When Wisconsin Gov. Scott Walker visited Iowa recently to speak at a well-attended Republican dinner, only one national political reporter (NBC’s Alex Moe) showed up. That just proves you don’t need national press attention to make a strong start in the 2016 Republican presidential race.
There’s a Walker boom, or at least a boomlet, going on in the nation’s first voting state. When you hear speculation about the ’16 GOP field — Marco Rubio, Rand Paul, Chris Christie, Bobby Jindal and others — it’s rare to hear Walker’s name included in the group. But keep an eye on him; politically-savvy Republicans certainly are.
Here’s one way to test Walker’s appeal. Talk to Iowa politicos who supported Mitt Romney last time around, and then talk to politicos who supported anybody but Romney, and ask what they think about Walker. You’ll hear a lot of positive things from both groups.
“He’s the guy to beat in Iowa as it stands right now,” says David Kochel, who ran Romney’s 2012 campaign in the state. In an email exchange recently, Kochel, who is not working for any candidate at the moment, ran down the list of Walker’s strengths. The Wisconsin governor is “a full-spectrum conservative who’s comfortable with and speaks the language of Iowa social conservatives,” Kochel said. His showdown with public-sector unions won him great admiration and a substantial fundraising base among Republicans. He’s a favorite of Iowa Gov. Terry Branstad. And he has “real Tea Party credibility.” Put it all together, and it’s a pretty strong resume. “I think Walker’s ability to reach across coalitions could be unmatched,” Kochel said.
A similar assessment comes from an Iowan who worked hard to defeat Romney. “Gov. Walker spoke in a very conversational tone, a very Iowa tone, like an old neighbor,” said Jamie Johnson, a GOP State Central Committee member who was at the Des Moines event last week. “He connected.” And Johnson — who strongly supported Rick Santorum in last year’s race — notes that while Walker did well in Iowa’s biggest city, he will likely “connect even better in the God-and-guns counties.”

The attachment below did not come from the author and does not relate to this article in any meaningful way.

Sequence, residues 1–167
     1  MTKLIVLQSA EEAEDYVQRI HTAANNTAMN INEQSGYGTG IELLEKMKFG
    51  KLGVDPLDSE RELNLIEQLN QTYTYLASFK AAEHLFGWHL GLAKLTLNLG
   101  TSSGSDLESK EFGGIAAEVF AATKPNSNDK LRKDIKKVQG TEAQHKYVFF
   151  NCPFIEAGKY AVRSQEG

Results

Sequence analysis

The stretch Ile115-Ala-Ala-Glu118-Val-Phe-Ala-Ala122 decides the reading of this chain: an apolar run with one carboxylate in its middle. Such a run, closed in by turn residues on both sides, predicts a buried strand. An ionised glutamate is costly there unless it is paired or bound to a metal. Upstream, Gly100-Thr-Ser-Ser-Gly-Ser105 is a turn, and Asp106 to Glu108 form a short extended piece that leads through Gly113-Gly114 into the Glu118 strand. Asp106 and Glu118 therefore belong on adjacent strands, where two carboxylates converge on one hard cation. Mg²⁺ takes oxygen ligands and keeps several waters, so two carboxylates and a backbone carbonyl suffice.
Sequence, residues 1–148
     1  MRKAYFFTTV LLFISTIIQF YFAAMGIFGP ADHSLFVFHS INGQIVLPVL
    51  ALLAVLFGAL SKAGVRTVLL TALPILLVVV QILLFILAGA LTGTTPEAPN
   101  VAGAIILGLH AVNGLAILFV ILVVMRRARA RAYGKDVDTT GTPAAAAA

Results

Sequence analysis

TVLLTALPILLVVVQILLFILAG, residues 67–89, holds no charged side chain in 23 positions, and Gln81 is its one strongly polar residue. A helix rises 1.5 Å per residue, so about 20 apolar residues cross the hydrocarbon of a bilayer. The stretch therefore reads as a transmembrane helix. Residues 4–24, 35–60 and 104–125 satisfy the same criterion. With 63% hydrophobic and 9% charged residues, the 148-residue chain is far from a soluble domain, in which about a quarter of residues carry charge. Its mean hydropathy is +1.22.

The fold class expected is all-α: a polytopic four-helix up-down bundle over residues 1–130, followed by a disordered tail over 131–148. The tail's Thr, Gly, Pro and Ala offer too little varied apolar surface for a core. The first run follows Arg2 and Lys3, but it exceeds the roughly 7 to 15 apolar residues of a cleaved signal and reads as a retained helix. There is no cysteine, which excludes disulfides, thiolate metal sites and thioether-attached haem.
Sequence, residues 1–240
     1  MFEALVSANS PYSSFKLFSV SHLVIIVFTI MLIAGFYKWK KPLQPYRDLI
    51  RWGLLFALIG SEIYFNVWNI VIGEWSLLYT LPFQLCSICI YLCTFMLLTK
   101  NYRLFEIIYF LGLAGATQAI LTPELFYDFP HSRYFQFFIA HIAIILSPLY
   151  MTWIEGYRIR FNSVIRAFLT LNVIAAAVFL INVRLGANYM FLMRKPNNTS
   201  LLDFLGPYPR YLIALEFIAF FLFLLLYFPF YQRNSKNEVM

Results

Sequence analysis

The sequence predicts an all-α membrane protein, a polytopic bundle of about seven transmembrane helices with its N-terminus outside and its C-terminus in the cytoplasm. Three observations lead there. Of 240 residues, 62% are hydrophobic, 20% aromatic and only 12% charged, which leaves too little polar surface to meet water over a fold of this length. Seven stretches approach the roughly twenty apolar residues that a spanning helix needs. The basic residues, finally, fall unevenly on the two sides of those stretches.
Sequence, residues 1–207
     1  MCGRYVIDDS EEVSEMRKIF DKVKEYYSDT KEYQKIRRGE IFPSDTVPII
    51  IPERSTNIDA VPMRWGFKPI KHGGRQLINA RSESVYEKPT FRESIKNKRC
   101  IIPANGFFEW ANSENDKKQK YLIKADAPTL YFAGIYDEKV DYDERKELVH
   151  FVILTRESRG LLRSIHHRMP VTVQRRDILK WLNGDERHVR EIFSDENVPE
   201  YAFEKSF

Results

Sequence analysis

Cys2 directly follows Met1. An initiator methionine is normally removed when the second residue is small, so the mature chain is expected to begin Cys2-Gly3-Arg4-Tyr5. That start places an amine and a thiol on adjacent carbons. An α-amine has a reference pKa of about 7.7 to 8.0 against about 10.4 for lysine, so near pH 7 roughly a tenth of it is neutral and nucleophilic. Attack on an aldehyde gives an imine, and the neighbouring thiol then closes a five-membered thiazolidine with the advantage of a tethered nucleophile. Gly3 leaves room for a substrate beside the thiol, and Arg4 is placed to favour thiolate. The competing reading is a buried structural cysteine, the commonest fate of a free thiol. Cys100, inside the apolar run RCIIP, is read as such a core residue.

Out in those God-and-guns counties, in western Iowa, conservative radio host Sam Clovis calls Walker “a rock star.” “He gets great reviews from all who have seen him,” says Clovis.
Here is the thing that really impresses Republicans looking for a candidate: Scott Walker has done things. As part of the gubernatorial faction in the 2016 field — the list includes Christie and Jindal — Walker not only has executive experience. He has used executive authority to achieve a goal conservatives have pursued for years: to break the hold public employee unions have on government in many states. The result in Wisconsin has been millions of taxpayer dollars saved and improved schools.
And Walker did it while going through the most intense trial by fire of any politician in America in recent years. Democrats and their allies on the left threw everything they had at him. They tried to stop him in the streets, in the courts, in a recall election. He survived it all.
The senators who are potential candidates — Paul, Rubio, perhaps Ted Cruz — don’t have anywhere near that level of accomplishment.
So it was no surprise that Walker reminded voters in Des Moines that governors get things done. “Reform happens in the laboratories of democracy, which is our states,” he told the crowd. “We’ve laid a positive foundation to move Wisconsin forward, and people want to continue down that path. We can do that nationally, as well.”
Walker’s appearance drew more people, and raised more money for the GOP, than an earlier visit from Sen. Paul. But it attracted far less media coverage. So far, he’s still mostly flying under the radar.
But look for that to change. Walker is getting such good notices from Iowa insiders that outside attention will surely follow.
“Scott Walker has impressed me most,” says Craig Robinson, of the influential Iowa Republican blog. Walker’s trip to Des Moines, Robinson says, was all about laying a solid foundation for a possible candidacy.
“Other potential presidential candidates like Sen. Paul came to Iowa and whaled away on the Obama administration and Hillary Clinton,” says Robinson. “That will get a standing ovation and elicit plenty of cheers, but it really does nothing to paint a vision for where they want to take the country. Walker provided Iowans a glimpse of the type of national leader he would be.”
Byron York is chief political correspondent for The Washington Examiner.
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